Prenatal diagnosis of sex chromosome abnormalities: The 8-year experience of a single medical center

Zvi Vaknin, Orit Reish, Ido Ben-Ami, Eli Heyman, Arie Herman, Ron Maymon*

*Corresponding author for this work

Research output: Contribution to journalArticlepeer-review


Objective: To assess the indications for prenatal karyotyping of sex chromosomal abnormalities (SCAs) during pregnancy. Methods: All singleton pregnancies interrupted in our institute because of SCAs (1998-2005) were categorized into subgroups of 45,XO (Turner syndrome), 47,XXY (Klinefelter syndrome), 47,XXX and 47,XYY. The indications for prenatal diagnostic testing were recorded. Results: There were 67 SCAs pregnancies: 33% Turner syndrome, 28% Klinefelter syndrome, 21% 47,XXX and 18% 47,XYY. Maternal age was similar among the 4 groups (34 ± 5, range 25-42 years). The main indications for fetal karyotyping were abnormal Down's syndrome (DS) screening or ultrasound findings, advanced maternal age (≥35 years), and parental request. About 2/3 of the Turner and 47,XYY cases had either abnormal DS screening tests or sonographic findings, such as: increased nuchal translucency, mainly cystic hygroma and fetal hydrops. However, fetal karyotyping in more than 2/3 of the 47,XXX and 47,XXY cases was mainly performed because of advanced maternal age, and the diagnosis of fetal SCAs was coincidental (p <0.03). Conclusions: Our recent suggestion to expand the DS screening capacity to other chromosomal abnormalities including SCAs is further supported. Prenatal detection seems to be promising for Turner syndrome and possibly for 47,XYY syndrome, while other SCAs are less likely to be detected either by ultrasound or biochemical screening.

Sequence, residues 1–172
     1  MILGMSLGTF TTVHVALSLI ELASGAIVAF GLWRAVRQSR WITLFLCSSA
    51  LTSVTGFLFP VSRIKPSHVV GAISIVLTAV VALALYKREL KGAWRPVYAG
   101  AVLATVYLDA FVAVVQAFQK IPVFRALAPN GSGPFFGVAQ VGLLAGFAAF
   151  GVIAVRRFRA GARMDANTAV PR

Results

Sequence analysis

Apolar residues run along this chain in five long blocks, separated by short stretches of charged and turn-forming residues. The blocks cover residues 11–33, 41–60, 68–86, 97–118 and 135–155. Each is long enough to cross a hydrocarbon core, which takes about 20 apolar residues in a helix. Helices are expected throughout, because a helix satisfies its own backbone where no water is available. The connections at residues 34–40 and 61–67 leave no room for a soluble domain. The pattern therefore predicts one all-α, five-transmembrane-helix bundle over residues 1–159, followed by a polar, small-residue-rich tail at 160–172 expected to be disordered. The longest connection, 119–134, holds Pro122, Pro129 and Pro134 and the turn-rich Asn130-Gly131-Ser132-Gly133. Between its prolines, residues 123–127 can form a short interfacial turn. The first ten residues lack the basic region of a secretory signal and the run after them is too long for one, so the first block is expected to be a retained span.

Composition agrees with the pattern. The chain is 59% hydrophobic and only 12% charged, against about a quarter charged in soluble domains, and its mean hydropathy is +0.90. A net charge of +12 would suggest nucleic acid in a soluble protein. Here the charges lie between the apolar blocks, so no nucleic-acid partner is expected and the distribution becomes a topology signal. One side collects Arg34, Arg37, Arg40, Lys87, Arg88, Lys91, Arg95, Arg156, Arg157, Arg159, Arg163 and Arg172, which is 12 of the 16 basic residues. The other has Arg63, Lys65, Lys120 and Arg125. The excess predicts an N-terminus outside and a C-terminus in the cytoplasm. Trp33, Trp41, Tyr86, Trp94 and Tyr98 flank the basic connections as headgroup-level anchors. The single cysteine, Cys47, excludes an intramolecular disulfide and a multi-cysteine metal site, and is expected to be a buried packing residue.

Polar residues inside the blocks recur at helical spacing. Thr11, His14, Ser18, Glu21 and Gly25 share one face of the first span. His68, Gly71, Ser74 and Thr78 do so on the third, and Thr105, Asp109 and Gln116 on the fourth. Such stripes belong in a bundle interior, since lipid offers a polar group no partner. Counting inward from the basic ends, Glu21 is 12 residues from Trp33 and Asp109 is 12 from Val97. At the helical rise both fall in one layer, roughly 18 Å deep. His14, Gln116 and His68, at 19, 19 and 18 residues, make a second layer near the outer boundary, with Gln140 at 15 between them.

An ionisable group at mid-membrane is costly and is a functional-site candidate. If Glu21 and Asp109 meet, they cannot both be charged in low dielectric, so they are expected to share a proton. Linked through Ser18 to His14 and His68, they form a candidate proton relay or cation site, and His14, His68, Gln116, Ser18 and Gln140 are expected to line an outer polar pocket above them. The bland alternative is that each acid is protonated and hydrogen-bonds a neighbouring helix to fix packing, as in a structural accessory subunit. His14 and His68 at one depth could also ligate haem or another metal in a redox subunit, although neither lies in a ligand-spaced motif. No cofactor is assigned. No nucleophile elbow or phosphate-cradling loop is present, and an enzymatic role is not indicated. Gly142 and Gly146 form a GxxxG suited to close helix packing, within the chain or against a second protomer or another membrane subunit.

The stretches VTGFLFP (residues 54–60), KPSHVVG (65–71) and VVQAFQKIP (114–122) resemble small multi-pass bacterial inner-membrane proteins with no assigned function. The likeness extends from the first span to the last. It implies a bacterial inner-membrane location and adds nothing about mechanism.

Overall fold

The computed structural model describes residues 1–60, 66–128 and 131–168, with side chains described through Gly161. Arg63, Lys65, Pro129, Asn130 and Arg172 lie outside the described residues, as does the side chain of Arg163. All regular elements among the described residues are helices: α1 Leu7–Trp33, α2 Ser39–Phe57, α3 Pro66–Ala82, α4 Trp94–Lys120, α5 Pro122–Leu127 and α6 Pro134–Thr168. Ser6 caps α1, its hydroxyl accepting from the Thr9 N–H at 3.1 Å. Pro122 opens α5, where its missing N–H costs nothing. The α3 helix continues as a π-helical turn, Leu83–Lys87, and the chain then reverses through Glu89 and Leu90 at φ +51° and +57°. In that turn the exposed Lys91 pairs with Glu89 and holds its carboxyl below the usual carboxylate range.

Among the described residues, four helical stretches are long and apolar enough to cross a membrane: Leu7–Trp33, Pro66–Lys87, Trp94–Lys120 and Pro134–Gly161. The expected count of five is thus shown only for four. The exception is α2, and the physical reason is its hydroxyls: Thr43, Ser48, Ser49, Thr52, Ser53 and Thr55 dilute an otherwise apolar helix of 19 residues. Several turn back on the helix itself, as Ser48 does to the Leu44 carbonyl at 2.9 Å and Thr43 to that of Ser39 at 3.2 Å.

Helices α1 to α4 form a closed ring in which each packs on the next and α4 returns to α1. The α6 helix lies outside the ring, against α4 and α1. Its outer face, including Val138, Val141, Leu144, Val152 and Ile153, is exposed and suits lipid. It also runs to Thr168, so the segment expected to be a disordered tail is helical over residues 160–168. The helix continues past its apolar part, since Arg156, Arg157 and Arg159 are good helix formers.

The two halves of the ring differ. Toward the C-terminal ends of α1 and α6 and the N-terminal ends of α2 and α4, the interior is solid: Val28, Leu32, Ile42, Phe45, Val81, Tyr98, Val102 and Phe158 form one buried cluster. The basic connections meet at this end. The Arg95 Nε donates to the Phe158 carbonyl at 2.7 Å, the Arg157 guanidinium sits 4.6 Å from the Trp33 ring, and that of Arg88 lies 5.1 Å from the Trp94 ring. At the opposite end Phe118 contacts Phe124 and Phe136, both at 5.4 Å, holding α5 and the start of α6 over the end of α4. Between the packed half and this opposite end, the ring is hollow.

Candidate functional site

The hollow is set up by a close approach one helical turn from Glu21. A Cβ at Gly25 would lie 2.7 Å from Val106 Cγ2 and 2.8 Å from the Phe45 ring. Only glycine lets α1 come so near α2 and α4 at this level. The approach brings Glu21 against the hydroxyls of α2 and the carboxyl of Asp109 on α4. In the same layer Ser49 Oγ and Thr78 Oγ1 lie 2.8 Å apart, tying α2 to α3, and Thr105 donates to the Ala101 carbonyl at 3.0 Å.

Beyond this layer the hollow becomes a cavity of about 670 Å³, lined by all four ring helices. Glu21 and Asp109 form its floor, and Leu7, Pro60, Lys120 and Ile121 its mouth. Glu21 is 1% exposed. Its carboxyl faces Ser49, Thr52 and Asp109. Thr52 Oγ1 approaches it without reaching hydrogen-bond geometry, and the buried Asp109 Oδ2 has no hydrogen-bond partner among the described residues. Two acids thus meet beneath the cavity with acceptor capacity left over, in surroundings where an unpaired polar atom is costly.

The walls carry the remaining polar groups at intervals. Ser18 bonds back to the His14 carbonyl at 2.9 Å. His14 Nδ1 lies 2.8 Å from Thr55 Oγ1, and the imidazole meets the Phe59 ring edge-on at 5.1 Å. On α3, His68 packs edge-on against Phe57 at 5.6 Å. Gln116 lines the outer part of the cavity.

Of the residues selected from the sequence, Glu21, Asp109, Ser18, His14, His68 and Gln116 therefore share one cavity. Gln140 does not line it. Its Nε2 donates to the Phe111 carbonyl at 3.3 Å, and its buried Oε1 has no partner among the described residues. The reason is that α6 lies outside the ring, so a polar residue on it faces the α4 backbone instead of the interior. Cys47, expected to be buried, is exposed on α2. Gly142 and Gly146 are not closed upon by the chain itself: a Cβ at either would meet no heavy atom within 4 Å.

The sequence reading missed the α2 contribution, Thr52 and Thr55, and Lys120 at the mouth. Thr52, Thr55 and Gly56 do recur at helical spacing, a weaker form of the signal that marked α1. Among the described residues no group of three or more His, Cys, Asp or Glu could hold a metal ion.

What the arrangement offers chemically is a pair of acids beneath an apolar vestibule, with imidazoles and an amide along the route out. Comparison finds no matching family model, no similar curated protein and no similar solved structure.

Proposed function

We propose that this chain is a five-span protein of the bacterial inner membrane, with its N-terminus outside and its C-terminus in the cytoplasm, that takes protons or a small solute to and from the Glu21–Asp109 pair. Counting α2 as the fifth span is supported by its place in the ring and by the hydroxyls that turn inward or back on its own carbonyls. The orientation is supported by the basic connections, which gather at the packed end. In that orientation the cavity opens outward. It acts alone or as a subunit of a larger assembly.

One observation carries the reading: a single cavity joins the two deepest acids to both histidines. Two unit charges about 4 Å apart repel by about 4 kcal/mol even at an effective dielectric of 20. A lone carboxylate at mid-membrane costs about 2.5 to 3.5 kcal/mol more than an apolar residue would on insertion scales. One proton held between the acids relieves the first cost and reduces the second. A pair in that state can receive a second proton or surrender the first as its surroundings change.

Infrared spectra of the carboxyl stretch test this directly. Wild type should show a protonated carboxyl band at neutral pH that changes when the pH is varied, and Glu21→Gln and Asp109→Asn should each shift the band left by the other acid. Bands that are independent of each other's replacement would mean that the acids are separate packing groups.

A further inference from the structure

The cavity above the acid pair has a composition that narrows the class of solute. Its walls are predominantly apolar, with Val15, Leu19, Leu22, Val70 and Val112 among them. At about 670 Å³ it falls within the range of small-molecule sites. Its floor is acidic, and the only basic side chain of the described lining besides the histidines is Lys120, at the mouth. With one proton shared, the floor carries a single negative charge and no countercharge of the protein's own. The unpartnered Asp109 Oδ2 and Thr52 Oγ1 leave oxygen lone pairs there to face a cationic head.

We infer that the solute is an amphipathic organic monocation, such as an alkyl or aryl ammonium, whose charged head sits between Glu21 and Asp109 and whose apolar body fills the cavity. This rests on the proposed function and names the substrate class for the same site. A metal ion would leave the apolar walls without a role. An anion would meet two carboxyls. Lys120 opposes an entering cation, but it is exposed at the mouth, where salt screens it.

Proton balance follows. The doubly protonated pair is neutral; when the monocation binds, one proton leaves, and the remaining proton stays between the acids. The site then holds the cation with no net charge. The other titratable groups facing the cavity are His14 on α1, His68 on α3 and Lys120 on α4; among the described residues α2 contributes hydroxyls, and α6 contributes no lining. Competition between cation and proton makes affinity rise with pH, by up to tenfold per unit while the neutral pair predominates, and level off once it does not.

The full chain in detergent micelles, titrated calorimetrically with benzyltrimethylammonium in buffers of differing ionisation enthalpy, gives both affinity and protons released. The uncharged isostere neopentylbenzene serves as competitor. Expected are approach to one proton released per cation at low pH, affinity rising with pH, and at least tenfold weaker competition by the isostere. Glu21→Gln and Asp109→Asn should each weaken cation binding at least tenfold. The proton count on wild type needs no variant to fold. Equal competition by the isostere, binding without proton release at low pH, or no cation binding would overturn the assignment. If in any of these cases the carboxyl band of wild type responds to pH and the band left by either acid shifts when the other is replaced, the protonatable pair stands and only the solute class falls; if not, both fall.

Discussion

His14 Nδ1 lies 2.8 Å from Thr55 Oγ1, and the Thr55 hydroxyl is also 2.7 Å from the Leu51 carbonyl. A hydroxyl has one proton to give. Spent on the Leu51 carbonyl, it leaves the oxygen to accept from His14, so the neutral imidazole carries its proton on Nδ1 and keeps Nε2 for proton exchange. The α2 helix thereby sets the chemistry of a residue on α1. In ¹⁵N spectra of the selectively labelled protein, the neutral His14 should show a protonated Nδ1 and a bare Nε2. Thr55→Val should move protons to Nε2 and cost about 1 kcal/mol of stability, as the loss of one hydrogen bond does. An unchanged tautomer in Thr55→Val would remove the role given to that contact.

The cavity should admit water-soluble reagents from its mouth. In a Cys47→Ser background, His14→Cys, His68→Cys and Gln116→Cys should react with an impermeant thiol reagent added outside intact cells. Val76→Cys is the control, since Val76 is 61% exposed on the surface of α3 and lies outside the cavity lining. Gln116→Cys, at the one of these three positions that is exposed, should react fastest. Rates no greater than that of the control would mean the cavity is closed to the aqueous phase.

Original languageEnglish
Pages (from-to)76-81
Number of pages6
JournalFetal Diagnosis and Therapy
Issue number1
StatePublished - Dec 2007


  • Fetal anomalies
  • Prenatal diagnosis
  • Sex chromosomal abnormalities
  • Ultrasound


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